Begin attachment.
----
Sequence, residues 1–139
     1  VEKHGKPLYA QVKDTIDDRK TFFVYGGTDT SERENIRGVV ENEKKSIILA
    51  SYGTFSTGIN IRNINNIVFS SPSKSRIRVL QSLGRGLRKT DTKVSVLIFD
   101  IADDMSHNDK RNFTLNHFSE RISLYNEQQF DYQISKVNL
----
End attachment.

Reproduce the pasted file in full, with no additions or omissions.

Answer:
Sequence, residues 1–139
     1  VEKHGKPLYA QVKDTIDDRK TFFVYGGTDT SERENIRGVV ENEKKSIILA
    51  SYGTFSTGIN IRNINNIVFS SPSKSRIRVL QSLGRGLRKT DTKVSVLIFD
   101  IADDMSHNDK RNFTLNHFSE RISLYNEQQF DYQISKVNL